If you’ve mistakenly chosen a weight that isn’t heavy enough to keep you within the 4 to 6 repetition range, the best you can do at that point is to continue working the set until absolute failure. Whatever, you do, do not make a habit of doing more than six repetitions. If you’ve miscalculated your strength so poorly that you are able to pump out a lot more than six repetitions, you should just put the weight down after six reps. You’ll be better off in the long run not to allow this error to occur. You must learn from your mistake and save your energy for your next and, hopefully, more efficient set. You should always strive to stay within the 4 to 6 repetition range to effectively overload the muscles for growth. Overloading the muscle with heavy weight is what stimulates significant growth. When you start performing more than six repetitions, you start fatiguing your muscles—not overloading them.
So, what’s the difference between overloading the muscles and fatiguing them? What different results will the two different approaches ultimately have on muscle growth? Well, when you overload the muscles with heavy weight, you force them to adapt (grow) as the body tries to withstand the newly created and more strenuous conditions. On the other hand, after performing six reps during a set, you start fatiguing the muscles. The muscles will begin producing lactic acid. The build up of lactic acid causes free radicals to form in the body and initiates other harmful physiological effects as well. The difference between overloading the muscles and fatiguing them would be analogous to doing squats to build muscle versus doing some distance running. Which form of exercise do you think will build more muscle? Now, I’m intentionally being just a little overly dramatic with this analogy in an effort to illustrate my point. Overloading your quadriceps muscles by pounding out six heavy squats will put your body in the ideal conditions for growth. Fatiguing your quadriceps muscles by running 15 miles will put your body in less-than-ideal conditions for growth, to say the least. Do you get my point? Choosing weight that is heavy enough to keep you within the four to six repetition range will help you effectively overload the muscle and initiate the muscle mass building process.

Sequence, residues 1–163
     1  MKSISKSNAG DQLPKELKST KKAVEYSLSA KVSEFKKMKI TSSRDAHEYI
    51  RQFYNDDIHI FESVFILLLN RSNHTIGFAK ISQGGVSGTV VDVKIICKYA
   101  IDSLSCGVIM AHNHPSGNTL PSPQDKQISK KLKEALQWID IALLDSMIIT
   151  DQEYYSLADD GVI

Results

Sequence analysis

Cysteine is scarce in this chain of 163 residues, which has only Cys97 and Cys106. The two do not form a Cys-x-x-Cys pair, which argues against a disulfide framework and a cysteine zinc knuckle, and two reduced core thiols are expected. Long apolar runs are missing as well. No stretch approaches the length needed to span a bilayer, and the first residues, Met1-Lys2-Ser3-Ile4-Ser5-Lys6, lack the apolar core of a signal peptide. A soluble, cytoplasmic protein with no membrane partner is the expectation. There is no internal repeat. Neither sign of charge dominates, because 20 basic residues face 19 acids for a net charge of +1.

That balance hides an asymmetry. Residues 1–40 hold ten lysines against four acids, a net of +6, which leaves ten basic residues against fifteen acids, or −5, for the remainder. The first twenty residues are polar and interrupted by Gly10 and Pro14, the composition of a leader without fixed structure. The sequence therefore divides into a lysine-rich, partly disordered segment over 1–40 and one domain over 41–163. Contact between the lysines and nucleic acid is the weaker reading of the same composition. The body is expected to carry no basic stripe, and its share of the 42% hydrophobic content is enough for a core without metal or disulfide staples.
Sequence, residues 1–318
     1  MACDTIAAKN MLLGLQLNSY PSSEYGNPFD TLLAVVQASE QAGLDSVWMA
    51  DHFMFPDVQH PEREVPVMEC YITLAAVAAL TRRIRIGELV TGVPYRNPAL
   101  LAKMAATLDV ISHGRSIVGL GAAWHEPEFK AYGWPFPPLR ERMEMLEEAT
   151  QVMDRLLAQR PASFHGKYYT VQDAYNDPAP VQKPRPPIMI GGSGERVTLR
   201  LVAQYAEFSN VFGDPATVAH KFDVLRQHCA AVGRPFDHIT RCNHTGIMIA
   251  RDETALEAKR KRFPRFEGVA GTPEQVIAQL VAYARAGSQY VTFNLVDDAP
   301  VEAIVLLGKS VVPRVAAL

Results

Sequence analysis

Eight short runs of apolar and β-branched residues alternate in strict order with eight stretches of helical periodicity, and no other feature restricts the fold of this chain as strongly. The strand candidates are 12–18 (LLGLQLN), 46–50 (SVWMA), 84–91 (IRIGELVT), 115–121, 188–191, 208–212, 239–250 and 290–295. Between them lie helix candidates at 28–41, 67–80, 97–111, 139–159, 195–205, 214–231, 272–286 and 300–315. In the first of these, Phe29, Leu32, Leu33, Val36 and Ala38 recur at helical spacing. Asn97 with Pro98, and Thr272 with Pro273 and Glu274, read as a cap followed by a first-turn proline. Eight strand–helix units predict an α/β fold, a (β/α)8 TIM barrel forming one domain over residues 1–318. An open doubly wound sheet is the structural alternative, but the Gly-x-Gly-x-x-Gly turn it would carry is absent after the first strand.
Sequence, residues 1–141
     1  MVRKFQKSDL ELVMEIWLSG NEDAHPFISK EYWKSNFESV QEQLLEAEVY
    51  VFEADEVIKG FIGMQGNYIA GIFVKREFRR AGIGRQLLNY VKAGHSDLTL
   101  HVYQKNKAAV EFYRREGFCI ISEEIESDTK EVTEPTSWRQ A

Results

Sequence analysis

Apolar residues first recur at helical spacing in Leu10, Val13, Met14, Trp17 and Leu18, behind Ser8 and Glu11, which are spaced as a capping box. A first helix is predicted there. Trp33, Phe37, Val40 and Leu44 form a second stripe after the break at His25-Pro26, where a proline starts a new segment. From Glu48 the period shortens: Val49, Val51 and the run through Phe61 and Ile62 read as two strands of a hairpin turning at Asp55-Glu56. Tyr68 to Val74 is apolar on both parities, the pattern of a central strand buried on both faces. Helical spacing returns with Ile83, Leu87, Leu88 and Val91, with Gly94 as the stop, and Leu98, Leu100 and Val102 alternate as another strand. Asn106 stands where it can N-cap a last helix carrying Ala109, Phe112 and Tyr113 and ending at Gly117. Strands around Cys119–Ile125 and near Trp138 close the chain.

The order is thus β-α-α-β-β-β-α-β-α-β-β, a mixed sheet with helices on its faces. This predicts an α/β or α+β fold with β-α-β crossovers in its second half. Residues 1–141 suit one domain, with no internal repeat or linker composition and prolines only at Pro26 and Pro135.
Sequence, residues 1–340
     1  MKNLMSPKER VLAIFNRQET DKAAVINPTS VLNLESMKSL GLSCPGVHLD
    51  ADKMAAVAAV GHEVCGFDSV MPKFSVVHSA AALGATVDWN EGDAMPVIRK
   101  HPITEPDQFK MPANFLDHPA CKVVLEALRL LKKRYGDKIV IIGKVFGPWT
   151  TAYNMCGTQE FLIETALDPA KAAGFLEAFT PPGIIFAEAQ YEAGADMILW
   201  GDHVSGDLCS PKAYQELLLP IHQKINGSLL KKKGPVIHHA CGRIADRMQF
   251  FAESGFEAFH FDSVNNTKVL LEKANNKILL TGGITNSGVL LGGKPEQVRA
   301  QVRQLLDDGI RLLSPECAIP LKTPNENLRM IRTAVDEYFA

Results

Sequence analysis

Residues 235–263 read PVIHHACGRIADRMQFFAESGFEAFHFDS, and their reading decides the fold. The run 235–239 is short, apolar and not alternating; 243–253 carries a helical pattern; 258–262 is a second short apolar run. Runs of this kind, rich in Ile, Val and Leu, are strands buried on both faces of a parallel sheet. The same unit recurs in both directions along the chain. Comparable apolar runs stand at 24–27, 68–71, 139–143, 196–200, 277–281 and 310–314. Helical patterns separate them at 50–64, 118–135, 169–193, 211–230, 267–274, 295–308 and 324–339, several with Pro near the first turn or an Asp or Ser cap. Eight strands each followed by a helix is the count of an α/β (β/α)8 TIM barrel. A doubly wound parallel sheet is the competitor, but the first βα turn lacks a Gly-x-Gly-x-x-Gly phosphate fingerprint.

You should strive for a “good value” and proper execution when you perform each repetition. What exactly do I mean by a good value and proper execution? Basically, good value and proper execution are the optimal balance between out-of-control, sloppy form and overly strict form. Obviously, you never want to use extremely sloppy form when training. However, you shouldn’t be overly concerned with extremely strict form either. You should aim for somewhere in between the two extremes.